Friday, June 17, 2011

On Heroes and Heroism

This post from the "At War" Blog of The New York Times has revived some thoughts that I've been having over the last decade. These two paragraphs get at the gist of the argument:

I understand the sentiment, and I trust that there are those who truly believe that all service members are heroes, simply for signing up. But I can’t help think that for some, “hero” is a throw-away word, designed to demonstrate a “support the troops” position or guarantee applause at an event.

I don’t feel comfortable being called a hero. In fact, my brow furrows and my mind sharpens when I hear it. Words matter, and “hero” is so loaded and used so frequently that it stands to lose its meaning altogether. Maybe this is just New York cynicism, but I know I’m not the only veteran who feels skeptical when he or she is placed in the hero bin along with every other service member from the past 10 years. I admire the fact that men and women with whom I served chose a dangerous profession for their country – often making the decision after 9/11. But, these are soldiers. Soldiers are human beings. There are good ones and bad ones. A few do amazing, heroic things. The rest do their jobs – incredible, unique jobs – but jobs, nonetheless. Some perform happily, others grudgingly. And I argue that most feel embarrassed when lauded as heroes.

I have also felt the same about the profligate use of the word "hero" to describe every single police officer or firefighter after 9/11. Of course to say as juch seems like an implicit criticism -- to say that they are not all heroes is to say something dark and nefarious rather than to make a statement of interpretation. Is eery single person who has served in the military a hero? If so, don't we need another word to describe the valour above and beyond simple service that so many engage in? And doesn't that then devalue the word to begin with?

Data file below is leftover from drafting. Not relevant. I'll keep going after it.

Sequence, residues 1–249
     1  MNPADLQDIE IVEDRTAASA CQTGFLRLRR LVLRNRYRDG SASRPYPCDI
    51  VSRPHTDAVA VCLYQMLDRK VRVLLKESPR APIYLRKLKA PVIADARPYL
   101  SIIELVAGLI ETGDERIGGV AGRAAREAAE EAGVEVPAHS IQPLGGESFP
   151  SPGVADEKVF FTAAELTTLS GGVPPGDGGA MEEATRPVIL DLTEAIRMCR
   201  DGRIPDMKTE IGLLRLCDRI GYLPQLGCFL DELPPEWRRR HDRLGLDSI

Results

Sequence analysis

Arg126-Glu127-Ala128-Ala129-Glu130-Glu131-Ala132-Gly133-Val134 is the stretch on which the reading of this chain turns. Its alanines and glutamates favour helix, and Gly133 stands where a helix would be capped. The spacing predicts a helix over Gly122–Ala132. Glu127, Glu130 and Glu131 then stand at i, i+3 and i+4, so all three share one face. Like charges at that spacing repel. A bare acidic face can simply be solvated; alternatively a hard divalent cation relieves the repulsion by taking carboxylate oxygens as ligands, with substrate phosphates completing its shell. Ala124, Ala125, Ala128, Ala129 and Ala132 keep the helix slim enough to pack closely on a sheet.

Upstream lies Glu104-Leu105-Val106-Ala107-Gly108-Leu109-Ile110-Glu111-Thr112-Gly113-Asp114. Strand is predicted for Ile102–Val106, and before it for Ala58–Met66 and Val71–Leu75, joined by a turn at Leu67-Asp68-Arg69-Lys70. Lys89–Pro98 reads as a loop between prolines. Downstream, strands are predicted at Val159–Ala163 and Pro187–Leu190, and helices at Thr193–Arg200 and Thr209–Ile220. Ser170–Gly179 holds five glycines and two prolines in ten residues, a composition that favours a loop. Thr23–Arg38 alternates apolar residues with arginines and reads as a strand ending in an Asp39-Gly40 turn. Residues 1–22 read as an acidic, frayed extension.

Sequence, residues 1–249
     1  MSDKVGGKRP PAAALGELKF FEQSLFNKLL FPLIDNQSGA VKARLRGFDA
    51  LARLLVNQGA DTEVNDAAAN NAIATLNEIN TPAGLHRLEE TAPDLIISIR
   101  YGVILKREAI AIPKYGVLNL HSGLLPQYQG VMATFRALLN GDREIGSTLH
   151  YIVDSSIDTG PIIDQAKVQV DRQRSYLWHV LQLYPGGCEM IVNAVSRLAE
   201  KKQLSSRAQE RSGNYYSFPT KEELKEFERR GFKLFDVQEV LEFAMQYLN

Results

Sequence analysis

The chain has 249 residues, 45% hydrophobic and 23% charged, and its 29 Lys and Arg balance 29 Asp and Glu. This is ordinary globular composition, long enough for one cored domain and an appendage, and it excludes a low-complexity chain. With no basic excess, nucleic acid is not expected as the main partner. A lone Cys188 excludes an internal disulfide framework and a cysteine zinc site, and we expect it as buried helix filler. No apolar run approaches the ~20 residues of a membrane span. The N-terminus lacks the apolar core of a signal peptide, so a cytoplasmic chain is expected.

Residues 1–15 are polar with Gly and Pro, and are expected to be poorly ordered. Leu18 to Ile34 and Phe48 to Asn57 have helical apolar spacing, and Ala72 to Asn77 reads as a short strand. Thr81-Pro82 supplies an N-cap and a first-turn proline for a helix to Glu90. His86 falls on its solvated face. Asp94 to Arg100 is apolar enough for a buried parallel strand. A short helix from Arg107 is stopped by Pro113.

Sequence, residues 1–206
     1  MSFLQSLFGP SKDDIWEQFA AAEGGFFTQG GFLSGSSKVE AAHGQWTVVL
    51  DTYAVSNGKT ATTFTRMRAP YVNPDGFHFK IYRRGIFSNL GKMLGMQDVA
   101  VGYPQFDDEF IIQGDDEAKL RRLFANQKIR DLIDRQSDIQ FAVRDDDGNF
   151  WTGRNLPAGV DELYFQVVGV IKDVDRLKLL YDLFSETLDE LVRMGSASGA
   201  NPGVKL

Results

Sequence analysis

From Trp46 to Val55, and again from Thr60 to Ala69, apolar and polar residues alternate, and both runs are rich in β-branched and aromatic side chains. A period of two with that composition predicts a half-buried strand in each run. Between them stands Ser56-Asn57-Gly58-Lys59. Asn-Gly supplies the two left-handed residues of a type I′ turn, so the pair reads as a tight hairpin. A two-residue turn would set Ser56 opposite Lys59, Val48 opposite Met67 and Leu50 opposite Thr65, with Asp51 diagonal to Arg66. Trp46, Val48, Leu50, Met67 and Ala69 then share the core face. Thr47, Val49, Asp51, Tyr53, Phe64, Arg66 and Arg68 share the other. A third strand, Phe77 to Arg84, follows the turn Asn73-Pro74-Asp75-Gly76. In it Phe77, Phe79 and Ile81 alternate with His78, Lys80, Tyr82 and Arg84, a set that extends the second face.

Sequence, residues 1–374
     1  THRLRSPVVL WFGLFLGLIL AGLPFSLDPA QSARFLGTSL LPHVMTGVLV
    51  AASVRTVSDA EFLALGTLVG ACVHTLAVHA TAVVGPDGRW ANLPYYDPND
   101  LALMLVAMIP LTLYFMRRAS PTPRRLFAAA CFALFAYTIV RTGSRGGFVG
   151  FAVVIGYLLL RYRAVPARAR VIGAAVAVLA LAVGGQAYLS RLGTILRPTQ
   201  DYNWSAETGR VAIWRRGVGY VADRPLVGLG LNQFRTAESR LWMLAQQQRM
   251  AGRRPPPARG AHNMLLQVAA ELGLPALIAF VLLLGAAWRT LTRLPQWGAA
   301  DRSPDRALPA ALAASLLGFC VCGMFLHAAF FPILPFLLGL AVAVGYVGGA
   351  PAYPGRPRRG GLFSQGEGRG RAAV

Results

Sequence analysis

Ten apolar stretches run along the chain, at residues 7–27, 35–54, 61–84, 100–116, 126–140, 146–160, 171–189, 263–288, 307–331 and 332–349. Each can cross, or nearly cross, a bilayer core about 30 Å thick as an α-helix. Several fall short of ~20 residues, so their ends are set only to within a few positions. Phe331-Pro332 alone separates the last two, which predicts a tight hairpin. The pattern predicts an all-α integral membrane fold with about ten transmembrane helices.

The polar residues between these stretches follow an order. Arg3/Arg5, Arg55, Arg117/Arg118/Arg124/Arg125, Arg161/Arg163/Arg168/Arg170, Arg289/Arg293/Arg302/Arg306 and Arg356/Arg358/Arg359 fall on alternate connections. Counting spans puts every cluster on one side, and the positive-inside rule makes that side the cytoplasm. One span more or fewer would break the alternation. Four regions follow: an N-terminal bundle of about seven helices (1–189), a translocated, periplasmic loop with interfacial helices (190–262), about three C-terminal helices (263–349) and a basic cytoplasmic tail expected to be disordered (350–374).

This "hero dilemma" strikes me as a function of two issues. The first stems from Vietnam, when the treatment of many vets ranged from indifference to hostility, neither of which was justifiable and both of which we as a society have studiously tried to avoid.

The second issue ties into cultural politics, however. For to question anything about the military, which includes not granting the highest possible form of praise at every turn, has become a reflection on one's patriotism. This leads to a knee-jerk politics about issues that ought to require more seriousness.

It is a good and sometimes great thing when men and women join the service. But it is also a good and sometimes great thing when men and women go to universities, or enter the work force, or engage in some other form of service. It seems to me to cheapen a word we ought to take at great value to toss it around for everyone who fits into a certain category. I simply do not believe that every cop in New York is a hero. It ought to be not only ok, but perfectly unobjectionable, to say as much.

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